Inverse kinematics for arms in Unity Free/Indie

I have been playing and struggling with body movements the last few weeks. My body movements are mostly driven by the Razer Hydra. Recently I found out the a lot of information can be deduced from this device. I will write down the results in a series of posts in the coming weeks. This week I start with the basics: inverse kinematics for the arms.For this to use, you do not need to understand the mathematics behind inverse kinematics. We just want it to work for us and I will share that with you here. If you want to know more about the background of inverse kinematics and see an application on a different part of the port, see my second post on inverse kinematics: Inverse Kinematics part 2: bending the body forward based on hand positions.

First, a short explanation of forward and inverse kinematics. The easiest of the two is forward kinematics: the inputs drive the joints, which results in a certain gesture. I do use that for driving the hands: for example, the analogue trigger on each hydra device determine the bending of the fingers: the further I press the trigger, the more the fingers bend. This is straightforward: the input determines the bending and that is all

It this were inverse kinematics I would set the desired location at which the fingers should be. The inverse kinematics mechanism should then determine the bending of the fingers (and hands, and arms, and torso, and legs…)  needed to reach that spot. This is much more complex.

Unity Pro has built-in kinematics for arms and legs, but I have never used it. The reason is that I want to understand the mechanics (which I still do not) and extend it (which I did). Fortunately, the Unity Asset Store has a free implementation of Inverse Kinematics. This is my starting point.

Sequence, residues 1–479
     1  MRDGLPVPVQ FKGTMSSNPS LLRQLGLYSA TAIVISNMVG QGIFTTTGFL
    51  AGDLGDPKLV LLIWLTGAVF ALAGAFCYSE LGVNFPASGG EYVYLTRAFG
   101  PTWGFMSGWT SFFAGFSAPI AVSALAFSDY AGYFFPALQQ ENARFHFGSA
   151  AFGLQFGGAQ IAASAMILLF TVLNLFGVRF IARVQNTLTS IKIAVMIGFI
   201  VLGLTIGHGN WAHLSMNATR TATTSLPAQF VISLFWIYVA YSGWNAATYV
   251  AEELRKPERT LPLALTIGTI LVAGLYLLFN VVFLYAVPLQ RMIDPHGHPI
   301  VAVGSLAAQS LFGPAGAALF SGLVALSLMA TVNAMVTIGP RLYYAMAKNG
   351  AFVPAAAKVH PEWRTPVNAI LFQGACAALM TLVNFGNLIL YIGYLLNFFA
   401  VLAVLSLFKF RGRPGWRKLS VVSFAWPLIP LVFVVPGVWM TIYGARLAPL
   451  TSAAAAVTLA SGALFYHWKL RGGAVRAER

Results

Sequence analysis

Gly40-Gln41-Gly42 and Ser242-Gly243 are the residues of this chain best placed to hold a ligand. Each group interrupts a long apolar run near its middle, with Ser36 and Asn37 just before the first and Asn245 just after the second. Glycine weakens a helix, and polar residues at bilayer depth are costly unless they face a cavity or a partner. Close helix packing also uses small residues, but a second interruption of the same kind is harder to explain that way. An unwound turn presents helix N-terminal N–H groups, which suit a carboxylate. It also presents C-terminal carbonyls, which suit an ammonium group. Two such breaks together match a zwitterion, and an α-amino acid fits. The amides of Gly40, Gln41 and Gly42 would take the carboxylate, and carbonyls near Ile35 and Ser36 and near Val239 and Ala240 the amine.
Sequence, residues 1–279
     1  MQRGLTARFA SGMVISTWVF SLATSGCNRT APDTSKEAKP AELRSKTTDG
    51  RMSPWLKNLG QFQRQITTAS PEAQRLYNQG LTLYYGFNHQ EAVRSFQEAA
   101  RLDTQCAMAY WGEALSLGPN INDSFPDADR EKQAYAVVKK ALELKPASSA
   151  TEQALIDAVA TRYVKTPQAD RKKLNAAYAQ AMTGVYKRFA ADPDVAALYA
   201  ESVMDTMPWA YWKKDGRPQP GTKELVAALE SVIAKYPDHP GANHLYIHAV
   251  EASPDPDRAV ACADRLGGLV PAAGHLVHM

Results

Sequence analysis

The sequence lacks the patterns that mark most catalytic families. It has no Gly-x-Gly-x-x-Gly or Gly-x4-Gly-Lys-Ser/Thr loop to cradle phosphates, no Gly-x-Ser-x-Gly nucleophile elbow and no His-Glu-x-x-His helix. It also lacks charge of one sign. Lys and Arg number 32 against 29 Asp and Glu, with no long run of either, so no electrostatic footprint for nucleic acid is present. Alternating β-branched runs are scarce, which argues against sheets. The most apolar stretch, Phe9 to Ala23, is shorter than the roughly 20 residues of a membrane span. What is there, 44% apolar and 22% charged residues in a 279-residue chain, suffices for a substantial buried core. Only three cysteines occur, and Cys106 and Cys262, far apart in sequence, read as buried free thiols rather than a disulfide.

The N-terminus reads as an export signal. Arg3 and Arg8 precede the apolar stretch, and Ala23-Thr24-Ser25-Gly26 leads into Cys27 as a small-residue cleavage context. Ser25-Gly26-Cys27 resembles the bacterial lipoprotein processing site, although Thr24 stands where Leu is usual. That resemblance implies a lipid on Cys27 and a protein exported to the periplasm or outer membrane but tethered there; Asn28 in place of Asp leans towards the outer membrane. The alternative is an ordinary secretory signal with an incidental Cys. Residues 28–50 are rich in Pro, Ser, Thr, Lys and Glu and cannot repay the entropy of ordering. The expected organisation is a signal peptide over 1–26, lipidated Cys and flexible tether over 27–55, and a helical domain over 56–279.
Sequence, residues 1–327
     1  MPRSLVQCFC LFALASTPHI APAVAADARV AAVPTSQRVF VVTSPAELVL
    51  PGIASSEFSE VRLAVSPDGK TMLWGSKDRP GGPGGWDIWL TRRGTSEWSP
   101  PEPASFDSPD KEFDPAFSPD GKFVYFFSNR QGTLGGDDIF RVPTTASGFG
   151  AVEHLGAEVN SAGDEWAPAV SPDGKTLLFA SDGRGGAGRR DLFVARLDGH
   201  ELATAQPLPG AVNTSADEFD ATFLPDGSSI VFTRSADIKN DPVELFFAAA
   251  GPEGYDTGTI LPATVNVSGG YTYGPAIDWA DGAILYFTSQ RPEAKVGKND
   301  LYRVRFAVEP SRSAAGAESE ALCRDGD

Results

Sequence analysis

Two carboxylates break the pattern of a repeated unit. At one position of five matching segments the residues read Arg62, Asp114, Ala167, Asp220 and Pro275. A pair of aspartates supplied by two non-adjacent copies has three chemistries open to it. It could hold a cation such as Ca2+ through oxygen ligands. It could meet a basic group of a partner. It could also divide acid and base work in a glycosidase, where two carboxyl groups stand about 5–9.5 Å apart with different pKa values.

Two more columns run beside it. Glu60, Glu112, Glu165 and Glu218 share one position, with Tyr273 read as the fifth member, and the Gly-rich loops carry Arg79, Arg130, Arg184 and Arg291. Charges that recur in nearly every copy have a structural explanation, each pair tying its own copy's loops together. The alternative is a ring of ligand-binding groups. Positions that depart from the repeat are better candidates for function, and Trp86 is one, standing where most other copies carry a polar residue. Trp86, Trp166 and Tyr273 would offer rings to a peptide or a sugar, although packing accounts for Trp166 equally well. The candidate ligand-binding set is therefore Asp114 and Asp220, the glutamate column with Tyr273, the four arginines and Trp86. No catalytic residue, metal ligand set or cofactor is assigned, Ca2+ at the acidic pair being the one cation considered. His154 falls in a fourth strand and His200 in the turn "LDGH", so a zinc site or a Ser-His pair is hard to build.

The package contains 3 implementations inverse kinematics. As I am doing all my code in C#, I took the ‘BrunoFerreira’ variant of the implementation. Although the use of the inverse kinematics is not difficult, some attention should be put to set it up.

MeHierarchyBut first a word on my game hierarchy. I have split the player geometry into two parts: the RealMe and VirtualMe. The real me deals with the real players body: it contains sensor information like the input of the Razer Hydra and Oculus Rift, the cameras to render for (or in simple words, the screen of the Oculus Rift) but also a simple representation of the real body (I will come back to this in a later post). The virtual me contains the mesh of the players avatar and some additional information. Apart from that, we need a number of functions which maps the RealMe to the VirtualMe and vice versa. The inverse kinematics function is one of these.

The inverse kinematics function is placed directly within VirtualMe. You can see it in the hierarchy at the right, named ‘IK_L’ and ‘IK_R’, one for each arm.

The VirtualMe mesh originates from MakeHuman and is adjusted in Blender after which I imported it in Unity3D. Nothing fancy yet: it is the default MakeHuman character. I still need to spend more time in those tools to make proper figures.

The VirtualMe from MakeHuman

The VirtualMe from MakeHuman

VirtualMe comes with a rig: a separate mesh representing the bone structure. This structure determines where the figure can bend, like in a real body. You can see the bones in the mesh picture, but also in the hierarchy, starting with ‘MeRig’. The important part of the rig for now is the clavicle (the shoulders and arm). We need to assign those to parameters of the inverse kinematics function. The Upper Arm, Forearm and Hand are set to the corresponding rig parts.